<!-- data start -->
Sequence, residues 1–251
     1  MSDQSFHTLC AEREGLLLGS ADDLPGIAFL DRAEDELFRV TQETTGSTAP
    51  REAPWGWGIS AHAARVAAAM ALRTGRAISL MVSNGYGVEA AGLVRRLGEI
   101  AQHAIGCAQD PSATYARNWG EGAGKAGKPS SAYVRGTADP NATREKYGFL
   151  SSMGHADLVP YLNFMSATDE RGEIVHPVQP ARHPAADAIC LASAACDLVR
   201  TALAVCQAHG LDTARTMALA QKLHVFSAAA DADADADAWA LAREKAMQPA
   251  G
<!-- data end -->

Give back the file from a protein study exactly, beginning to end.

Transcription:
Sequence, residues 1–251
     1  MSDQSFHTLC AEREGLLLGS ADDLPGIAFL DRAEDELFRV TQETTGSTAP
    51  REAPWGWGIS AHAARVAAAM ALRTGRAISL MVSNGYGVEA AGLVRRLGEI
   101  AQHAIGCAQD PSATYARNWG EGAGKAGKPS SAYVRGTADP NATREKYGFL
   151  SSMGHADLVP YLNFMSATDE RGEIVHPVQP ARHPAADAIC LASAACDLVR
   201  TALAVCQAHG LDTARTMALA QKLHVFSAAA DADADADAWA LAREKAMQPA
   251  G